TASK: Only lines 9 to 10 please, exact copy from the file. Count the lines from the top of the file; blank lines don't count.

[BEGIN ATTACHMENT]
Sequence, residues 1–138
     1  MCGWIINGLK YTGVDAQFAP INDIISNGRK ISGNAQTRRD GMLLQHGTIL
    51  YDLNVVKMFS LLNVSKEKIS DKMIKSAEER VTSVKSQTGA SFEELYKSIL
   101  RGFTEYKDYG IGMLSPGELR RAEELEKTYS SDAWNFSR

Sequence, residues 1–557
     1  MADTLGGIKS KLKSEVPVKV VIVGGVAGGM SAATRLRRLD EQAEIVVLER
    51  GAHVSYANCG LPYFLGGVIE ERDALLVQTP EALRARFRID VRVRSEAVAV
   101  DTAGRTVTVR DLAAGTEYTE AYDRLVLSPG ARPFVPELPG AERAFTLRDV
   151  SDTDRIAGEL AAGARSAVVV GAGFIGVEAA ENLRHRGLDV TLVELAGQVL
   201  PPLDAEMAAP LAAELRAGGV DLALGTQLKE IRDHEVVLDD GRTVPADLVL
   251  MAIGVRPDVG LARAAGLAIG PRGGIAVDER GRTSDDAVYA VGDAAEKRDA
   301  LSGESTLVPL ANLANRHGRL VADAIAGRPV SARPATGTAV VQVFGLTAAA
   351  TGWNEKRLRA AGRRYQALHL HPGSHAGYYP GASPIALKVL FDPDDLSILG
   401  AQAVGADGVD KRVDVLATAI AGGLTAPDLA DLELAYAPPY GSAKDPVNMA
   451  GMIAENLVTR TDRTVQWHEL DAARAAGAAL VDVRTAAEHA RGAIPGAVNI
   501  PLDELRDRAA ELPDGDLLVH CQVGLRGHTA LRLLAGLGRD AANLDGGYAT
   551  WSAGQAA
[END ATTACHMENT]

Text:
   151  SDTDRIAGEL AAGARSAVVV GAGFIGVEAA ENLRHRGLDV TLVELAGQVL
   201  PPLDAEMAAP LAAELRAGGV DLALGTQLKE IRDHEVVLDD GRTVPADLVL